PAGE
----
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Google Distributed Cloud Virtual Storage simplified storage

Storage simplified by managing policies, Google Distributed Cloud Virtual Storage

Customers can run the same Kubernetes as Google Kubernetes Engine in the cloud on their own hardware and data centers using GKE Enterprise capabilities to manage clusters at enterprise scale with GDCV vSphere. The scalable, secure, and highly available architecture of GDCV (vSphere) supports enterprise business applications.

Google Distributed Cloud Virtual Storage simplifies on-premises Kubernetes deployment by connecting with VMware vSphere. The GDCV (vSphere) adds HA admin and user clusters, auto-scaling, node repair, and VMware’s sophisticated storage infrastructure to VMware vSphere for high availability.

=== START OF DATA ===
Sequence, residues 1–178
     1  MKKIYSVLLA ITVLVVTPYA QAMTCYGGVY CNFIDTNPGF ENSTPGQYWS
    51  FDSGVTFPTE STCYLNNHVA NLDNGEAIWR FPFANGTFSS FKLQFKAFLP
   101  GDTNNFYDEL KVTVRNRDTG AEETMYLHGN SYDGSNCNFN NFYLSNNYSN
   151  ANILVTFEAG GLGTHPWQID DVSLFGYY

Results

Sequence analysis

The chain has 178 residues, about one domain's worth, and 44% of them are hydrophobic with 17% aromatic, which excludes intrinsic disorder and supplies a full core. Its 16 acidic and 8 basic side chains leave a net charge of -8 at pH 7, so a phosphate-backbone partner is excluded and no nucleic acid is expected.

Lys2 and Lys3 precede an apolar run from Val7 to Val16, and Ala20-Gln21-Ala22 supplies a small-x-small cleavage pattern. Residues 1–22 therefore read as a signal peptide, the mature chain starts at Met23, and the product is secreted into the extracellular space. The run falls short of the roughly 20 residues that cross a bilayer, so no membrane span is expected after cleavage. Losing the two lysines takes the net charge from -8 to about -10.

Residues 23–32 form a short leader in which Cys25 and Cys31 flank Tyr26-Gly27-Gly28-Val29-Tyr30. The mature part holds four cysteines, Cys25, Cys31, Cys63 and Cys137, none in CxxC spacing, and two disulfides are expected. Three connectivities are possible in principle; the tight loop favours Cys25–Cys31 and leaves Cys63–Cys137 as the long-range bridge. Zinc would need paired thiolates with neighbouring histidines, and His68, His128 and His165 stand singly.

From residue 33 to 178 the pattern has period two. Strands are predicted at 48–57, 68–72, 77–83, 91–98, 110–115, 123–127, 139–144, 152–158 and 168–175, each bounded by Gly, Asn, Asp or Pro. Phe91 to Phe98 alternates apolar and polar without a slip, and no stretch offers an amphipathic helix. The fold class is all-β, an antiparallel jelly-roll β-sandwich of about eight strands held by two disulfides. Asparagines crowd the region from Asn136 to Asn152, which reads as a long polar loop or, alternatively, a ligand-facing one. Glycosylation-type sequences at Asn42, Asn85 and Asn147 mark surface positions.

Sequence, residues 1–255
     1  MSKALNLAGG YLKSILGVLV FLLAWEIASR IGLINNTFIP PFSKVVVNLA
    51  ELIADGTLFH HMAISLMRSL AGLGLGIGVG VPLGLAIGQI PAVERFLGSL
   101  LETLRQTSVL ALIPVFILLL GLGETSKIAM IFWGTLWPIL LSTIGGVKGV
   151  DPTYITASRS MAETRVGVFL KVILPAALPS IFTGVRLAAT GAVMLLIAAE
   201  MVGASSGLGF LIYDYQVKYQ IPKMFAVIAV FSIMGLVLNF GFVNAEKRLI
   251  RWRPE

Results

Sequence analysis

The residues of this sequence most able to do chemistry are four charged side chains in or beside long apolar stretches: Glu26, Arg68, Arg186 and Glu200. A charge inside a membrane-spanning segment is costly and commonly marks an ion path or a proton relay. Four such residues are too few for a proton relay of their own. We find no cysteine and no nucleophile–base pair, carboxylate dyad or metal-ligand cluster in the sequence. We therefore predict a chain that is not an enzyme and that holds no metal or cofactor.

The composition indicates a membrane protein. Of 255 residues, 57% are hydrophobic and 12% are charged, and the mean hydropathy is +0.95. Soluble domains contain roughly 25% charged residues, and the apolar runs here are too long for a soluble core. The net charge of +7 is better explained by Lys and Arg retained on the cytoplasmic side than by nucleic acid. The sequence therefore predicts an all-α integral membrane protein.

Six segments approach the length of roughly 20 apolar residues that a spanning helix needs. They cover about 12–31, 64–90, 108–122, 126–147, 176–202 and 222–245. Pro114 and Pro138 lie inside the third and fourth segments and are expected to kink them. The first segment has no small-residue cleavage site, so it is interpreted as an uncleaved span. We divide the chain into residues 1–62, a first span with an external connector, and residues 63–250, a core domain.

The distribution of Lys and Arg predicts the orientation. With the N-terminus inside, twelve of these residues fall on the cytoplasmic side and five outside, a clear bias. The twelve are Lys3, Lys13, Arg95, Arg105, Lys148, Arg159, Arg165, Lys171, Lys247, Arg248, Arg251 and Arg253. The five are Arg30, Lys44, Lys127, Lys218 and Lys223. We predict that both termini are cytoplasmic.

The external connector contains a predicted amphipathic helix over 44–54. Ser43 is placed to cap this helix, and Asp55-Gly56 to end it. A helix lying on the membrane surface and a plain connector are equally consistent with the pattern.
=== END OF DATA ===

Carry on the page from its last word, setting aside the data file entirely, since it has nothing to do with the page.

Problem

Virtual disk deployment is automated by many VMware customers using datastore clusters. By merging many datastores into one object, they may let vSphere choose the optimum virtual disk location for the particular requirement.

Container Storage Interface (CSI) driver module controls Kubernetes-vSphere storage interactions. VSphere CSI is VMware’s CSI driver. Since the VMware-delivered driver does not support datastore clusters, this integration is fast but limited.

VMware uses Storage Policy Based Management (SPBM) to declare workload datastore clusters and offer placement logic for automatic storage placement. Since SBPM was not supported in GDCV, VM managers used to SBPM for VMs found storage on these clusters tougher and less obvious.

Solution